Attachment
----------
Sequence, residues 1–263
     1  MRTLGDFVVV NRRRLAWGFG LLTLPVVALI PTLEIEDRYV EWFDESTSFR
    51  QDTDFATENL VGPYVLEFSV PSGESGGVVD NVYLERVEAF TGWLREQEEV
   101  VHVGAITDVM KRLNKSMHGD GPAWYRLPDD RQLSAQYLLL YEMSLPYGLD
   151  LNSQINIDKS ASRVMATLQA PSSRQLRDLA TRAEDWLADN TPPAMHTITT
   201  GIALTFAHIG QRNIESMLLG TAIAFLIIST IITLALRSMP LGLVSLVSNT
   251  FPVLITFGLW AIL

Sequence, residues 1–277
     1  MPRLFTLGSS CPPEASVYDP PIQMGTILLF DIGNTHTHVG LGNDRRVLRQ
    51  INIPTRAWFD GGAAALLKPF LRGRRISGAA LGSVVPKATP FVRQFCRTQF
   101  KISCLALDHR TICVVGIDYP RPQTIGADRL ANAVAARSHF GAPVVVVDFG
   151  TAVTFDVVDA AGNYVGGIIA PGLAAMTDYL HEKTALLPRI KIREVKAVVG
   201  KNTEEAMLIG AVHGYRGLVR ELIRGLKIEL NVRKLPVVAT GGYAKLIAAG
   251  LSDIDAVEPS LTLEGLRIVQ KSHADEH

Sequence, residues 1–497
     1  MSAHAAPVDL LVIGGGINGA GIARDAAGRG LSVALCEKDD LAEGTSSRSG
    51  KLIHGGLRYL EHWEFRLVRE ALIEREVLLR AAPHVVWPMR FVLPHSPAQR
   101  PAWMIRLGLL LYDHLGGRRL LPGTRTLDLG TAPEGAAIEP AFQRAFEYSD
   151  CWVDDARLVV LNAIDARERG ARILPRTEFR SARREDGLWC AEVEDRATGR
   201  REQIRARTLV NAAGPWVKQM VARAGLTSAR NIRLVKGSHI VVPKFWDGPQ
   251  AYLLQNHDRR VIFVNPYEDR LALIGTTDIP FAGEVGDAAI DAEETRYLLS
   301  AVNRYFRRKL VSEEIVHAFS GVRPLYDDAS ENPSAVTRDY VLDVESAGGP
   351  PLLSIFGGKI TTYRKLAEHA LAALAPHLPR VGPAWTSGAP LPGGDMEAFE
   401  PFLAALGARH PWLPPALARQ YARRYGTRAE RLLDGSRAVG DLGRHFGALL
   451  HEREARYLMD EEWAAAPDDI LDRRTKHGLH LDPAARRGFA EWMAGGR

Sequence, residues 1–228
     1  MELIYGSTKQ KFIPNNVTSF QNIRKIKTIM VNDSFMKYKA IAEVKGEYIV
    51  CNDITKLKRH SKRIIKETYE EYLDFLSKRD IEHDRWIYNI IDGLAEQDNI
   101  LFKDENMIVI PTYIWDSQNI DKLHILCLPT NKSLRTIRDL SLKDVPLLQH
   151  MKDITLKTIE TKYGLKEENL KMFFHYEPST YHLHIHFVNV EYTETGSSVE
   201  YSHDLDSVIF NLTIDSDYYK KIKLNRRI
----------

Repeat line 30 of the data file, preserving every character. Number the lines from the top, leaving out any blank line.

   151  MKDITLKTIE TKYGLKEENL KMFFHYEPST YHLHIHFVNV EYTETGSSVE